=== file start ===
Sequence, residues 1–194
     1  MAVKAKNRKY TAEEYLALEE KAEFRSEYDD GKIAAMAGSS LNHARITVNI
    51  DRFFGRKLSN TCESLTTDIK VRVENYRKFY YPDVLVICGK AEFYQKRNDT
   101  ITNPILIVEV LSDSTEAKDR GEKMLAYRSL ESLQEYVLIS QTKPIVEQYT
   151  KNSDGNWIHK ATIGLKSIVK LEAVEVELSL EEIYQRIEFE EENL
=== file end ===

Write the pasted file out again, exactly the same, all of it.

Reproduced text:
Sequence, residues 1–194
     1  MAVKAKNRKY TAEEYLALEE KAEFRSEYDD GKIAAMAGSS LNHARITVNI
    51  DRFFGRKLSN TCESLTTDIK VRVENYRKFY YPDVLVICGK AEFYQKRNDT
   101  ITNPILIVEV LSDSTEAKDR GEKMLAYRSL ESLQEYVLIS QTKPIVEQYT
   151  KNSDGNWIHK ATIGLKSIVK LEAVEVELSL EEIYQRIEFE EENL